US ‘cuts’ spying cooperation with Germany over data leak

Security officers stand outside the U.S. Embassy in Berlin (Reuters / Thomas Peter)
The US Director of National Intelligence James Clapper has ordered a review of cooperation between the National Security Agency (NSA) and the German intelligence agency BND, Bild newspaper reports.

Citing an unnamed source in US intelligence, Bild says Clapper is unhappy with Berlin's “inability to contain secret data”. According to the report, the Bundestag committee on investigating the recent secret service scandals handed some secret documents to the media.

READ MORE: ‘German intelligence dependent on NSA’ – Berlin’s spy chief

For the US it is “more dangerous than what Snowden did,” Bild quoted the source as saying, referring to former NSA contractor Edward Snowden’s revelations of worldwide surveillance.

Now, the US secret services are reviewing the areas in which cooperation with the BND can be reduced or ended altogether, the paper reports. Several joint projects have already been canceled, it says.

Both the German government and the US embassy in Berlin refused to comment on the report.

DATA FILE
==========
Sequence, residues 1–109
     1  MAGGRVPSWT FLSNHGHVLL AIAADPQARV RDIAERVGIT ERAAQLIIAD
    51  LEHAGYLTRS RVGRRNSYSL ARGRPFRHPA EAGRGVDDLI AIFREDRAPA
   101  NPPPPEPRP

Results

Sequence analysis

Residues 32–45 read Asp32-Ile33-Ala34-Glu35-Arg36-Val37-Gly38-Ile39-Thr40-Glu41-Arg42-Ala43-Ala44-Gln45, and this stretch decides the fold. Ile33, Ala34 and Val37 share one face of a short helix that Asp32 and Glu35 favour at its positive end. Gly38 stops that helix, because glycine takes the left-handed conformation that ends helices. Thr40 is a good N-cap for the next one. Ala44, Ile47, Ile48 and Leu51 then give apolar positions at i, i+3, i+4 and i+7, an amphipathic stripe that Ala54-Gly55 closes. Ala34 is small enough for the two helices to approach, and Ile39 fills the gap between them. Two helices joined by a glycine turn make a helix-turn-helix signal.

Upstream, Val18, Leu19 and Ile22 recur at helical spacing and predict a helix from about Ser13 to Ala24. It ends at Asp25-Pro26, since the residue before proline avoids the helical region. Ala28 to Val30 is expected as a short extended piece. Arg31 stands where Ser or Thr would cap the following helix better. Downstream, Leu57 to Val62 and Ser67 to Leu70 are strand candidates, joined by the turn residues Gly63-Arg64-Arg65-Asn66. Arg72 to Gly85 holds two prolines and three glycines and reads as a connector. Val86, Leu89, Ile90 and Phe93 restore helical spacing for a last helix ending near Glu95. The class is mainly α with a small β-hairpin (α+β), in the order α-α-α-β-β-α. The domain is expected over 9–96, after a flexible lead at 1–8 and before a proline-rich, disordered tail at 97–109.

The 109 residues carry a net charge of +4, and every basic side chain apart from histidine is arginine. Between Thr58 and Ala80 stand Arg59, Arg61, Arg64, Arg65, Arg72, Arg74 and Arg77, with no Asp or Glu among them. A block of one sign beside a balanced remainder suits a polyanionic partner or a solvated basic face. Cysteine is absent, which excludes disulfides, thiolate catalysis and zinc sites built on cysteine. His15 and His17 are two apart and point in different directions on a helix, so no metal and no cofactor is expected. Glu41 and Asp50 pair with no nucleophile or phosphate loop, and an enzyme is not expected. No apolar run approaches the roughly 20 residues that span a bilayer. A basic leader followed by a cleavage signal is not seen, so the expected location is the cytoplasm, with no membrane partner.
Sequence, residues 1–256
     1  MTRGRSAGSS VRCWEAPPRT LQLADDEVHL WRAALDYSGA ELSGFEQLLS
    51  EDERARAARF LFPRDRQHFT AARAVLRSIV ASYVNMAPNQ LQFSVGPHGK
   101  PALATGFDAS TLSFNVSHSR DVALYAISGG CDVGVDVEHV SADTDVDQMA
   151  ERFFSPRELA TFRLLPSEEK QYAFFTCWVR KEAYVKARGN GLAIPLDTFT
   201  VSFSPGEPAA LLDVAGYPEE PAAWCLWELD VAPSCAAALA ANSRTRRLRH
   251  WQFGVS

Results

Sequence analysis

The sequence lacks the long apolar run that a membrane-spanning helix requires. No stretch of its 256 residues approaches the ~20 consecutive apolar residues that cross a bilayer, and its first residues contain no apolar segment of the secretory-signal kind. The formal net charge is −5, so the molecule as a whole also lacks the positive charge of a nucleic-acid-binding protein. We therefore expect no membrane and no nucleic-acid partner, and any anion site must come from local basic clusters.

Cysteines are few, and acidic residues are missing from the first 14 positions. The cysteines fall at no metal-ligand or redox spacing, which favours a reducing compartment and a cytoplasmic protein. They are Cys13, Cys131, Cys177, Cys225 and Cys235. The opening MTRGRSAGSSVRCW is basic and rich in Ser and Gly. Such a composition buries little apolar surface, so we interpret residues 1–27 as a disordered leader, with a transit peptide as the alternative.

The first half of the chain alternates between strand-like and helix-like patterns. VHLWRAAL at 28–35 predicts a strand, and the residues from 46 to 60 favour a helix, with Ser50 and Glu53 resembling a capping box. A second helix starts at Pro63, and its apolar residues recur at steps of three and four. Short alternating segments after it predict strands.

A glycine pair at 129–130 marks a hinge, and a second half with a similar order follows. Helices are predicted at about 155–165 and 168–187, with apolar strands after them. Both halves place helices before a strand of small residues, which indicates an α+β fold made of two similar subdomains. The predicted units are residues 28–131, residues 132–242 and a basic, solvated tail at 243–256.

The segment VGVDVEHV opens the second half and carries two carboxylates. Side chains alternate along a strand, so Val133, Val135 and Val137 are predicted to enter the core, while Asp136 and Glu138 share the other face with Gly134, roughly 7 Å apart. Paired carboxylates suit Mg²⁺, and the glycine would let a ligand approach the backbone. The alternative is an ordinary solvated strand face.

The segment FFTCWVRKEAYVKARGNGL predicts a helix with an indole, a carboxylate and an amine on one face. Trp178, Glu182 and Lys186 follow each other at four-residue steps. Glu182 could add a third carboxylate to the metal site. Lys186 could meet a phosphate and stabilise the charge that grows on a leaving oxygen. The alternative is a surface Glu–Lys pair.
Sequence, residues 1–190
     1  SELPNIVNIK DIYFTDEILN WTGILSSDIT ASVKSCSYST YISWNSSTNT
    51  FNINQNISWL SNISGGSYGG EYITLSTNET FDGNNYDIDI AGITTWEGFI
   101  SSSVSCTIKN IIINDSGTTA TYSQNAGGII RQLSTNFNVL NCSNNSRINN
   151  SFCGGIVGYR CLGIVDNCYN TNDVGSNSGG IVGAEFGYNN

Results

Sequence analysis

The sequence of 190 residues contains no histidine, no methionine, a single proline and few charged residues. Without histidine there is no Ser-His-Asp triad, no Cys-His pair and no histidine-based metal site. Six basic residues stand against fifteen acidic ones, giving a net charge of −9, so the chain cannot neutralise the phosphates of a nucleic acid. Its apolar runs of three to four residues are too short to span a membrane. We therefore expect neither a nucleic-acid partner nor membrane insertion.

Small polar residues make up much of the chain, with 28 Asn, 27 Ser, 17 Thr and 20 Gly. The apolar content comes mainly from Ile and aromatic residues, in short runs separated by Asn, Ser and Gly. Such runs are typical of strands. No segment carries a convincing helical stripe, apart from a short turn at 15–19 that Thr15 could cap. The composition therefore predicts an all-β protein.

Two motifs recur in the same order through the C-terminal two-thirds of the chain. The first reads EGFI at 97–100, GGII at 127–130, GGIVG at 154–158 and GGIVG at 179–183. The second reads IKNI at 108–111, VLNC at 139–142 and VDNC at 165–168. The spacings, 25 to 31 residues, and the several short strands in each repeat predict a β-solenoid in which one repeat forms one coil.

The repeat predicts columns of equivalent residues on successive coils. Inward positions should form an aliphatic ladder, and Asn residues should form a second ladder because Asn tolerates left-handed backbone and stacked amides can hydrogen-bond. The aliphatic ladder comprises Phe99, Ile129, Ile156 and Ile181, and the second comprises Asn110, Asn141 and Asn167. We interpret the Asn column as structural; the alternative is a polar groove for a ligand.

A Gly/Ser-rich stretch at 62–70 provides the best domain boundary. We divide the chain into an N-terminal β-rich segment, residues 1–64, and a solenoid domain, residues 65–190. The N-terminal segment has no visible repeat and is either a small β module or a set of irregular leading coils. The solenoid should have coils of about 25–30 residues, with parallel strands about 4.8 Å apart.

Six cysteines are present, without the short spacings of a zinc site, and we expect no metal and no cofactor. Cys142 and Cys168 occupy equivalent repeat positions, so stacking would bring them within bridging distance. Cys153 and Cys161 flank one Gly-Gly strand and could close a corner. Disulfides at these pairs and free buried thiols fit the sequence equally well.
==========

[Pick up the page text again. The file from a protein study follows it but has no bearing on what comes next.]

READ MORE: German intelligence halts internet surveillance for NSA – reports

In April, German media reported that over the past decade, the BND helped NSA in spying all over Europe. The US agency sent its German colleagues so-called “selectors”, which included IP addresses, emails, and phone numbers guiding what targets must be spied on.

READ MORE: Germany provides NSA with staggering 1.3bn pieces of metadata per month - report

One report suggested that the BND sends about 1.3 billion pieces of phone and text data to NSA per month.

The public outrage over those allegations and the subsequent investigation cost Chancellor Angela Merkel about a third of her approval rating. In late April, her government was accused of lying to parliament saying it had no knowledge of Washington's surveillance activities in Germany.